Liberate, an app designed specifically to support the meditation practices of people from Black, Indigenous, and People of Color (POC) communities, has gained a fast-growing following. Launched in May this year, the app is available from Apple’s App Store and Google Play and can be downloaded free of charge.
The app was created by software engineer Julio Rivera after an empowering meditation experience with a POC sangha at the New York Insight Meditation Center led by Sebene Selassie and Dalila Bothwell—both featured on the app. When he could no longer meet with the sangha in person, Rivera sought out an app that could replicate it and found none. So he designed his own.
Liberate features Buddhist teachers from a range of traditions, including Bonnie Duran, a professor of social work and public health at the University of Washington in Seattle and a core teacher in the Insight Meditation Society teacher training program; Joshua Bee Alafia, a cinematographer and teacher in the Theravada tradition; Lama Rod Owens, a teacher trained in the Kagyu school of Tibetan Buddhism; and Kaira Jewel Lingo, a former Zen Buddhist nun in Thich Nhat Hanh’s sangha. Users can listen to meditations and guided talks, most ranging from 5–20 minutes, on topics specifically aimed at the needs of BIPOC meditators, as well as meditations specifically aimed at queerness and transgender experiences. Some of the content offers a deeper dive into important topics. Jan Willis, visiting professor of religion at Agnes Scott College in Georgia, offers a 46-minute talk on racism through a Buddhist lens, which is followed by a 42-minute Q&A.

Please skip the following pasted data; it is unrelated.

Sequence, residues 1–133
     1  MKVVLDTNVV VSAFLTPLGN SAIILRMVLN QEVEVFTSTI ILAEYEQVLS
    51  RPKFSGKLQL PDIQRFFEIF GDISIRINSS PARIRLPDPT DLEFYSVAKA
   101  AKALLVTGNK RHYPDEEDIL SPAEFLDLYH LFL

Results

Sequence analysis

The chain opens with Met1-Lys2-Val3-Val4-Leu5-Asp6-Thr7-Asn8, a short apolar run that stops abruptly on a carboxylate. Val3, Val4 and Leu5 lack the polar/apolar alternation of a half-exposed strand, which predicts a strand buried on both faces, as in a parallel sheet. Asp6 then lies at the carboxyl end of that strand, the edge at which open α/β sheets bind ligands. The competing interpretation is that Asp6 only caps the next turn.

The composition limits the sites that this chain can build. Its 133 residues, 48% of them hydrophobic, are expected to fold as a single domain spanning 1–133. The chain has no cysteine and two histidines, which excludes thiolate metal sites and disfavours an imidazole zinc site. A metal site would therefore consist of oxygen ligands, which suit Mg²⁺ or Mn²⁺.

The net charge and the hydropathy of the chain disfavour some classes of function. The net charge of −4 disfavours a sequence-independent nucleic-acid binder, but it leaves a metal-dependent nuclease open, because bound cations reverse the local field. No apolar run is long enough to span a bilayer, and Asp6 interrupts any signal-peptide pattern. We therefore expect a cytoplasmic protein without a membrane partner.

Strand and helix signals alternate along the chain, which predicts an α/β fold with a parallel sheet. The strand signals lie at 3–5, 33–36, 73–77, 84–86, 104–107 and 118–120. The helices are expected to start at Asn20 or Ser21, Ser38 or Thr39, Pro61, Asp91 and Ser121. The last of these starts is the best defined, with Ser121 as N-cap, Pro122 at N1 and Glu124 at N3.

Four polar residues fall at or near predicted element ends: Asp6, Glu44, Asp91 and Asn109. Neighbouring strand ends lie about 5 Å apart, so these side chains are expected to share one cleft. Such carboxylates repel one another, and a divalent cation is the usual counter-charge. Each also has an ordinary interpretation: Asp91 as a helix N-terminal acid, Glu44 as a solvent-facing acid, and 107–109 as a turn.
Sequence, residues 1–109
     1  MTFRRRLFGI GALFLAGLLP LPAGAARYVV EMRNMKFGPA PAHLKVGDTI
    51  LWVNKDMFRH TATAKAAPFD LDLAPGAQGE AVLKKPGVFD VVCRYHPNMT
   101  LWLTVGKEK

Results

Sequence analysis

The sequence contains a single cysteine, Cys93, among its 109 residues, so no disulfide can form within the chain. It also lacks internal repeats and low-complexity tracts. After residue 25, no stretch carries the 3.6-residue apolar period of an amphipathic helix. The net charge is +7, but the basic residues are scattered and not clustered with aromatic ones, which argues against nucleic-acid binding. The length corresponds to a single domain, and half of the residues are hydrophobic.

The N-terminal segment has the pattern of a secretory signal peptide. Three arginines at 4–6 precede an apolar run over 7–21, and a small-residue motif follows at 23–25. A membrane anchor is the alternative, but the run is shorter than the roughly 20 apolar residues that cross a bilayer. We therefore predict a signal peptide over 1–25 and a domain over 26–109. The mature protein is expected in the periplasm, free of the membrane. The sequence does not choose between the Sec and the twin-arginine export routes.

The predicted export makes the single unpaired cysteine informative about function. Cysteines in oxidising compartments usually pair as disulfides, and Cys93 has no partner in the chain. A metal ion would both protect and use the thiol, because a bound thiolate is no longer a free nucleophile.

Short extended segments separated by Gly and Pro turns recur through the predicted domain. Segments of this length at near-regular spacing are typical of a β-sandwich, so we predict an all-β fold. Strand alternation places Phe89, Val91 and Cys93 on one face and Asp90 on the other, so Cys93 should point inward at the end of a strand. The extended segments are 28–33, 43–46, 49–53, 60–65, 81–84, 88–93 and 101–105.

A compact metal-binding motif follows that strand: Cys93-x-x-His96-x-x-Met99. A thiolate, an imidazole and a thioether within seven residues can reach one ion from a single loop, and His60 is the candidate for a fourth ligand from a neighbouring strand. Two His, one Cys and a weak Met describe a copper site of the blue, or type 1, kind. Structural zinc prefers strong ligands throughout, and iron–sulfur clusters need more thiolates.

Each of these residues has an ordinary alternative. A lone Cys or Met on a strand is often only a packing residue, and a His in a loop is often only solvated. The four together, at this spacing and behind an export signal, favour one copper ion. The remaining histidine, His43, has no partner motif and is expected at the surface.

Despite being new addition to an already dense market of mindfulness and meditation apps, and aimed at a niche community of meditators, Liberate has already garnered more than 10,000 downloads on Android-based devices.
“A significant amount of people have reached out and shared how much this app has been helpful for them and that this has been something that they’re looking for. So I think that, first off, this is really helping the community in a profound way.” said Rivera. “Experiences are being validated, they are being heard and they are being seen.”
“My initial intention was to get some of my favorite teachers on an app. That would make it easier for me,” he told Buddhistdoor Global. “But I see that there is so much more that this can do as far as asking ‘how do we collectively heal from the wounds of internalized oppression, marginalization, colonization, and racial trauma?’ I see Liberate as a catalyst to support our community through this healing process.”
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